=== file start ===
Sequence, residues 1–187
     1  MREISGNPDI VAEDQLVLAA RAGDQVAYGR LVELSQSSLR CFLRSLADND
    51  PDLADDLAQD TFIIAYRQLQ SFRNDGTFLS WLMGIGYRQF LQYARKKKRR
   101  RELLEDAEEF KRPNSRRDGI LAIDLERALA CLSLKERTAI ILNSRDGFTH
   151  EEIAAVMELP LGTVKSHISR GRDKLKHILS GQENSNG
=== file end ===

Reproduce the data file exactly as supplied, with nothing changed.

Sequence, residues 1–187
     1  MREISGNPDI VAEDQLVLAA RAGDQVAYGR LVELSQSSLR CFLRSLADND
    51  PDLADDLAQD TFIIAYRQLQ SFRNDGTFLS WLMGIGYRQF LQYARKKKRR
   101  RELLEDAEEF KRPNSRRDGI LAIDLERALA CLSLKERTAI ILNSRDGFTH
   151  EEIAAVMELP LGTVKSHISR GRDKLKHILS GQENSNG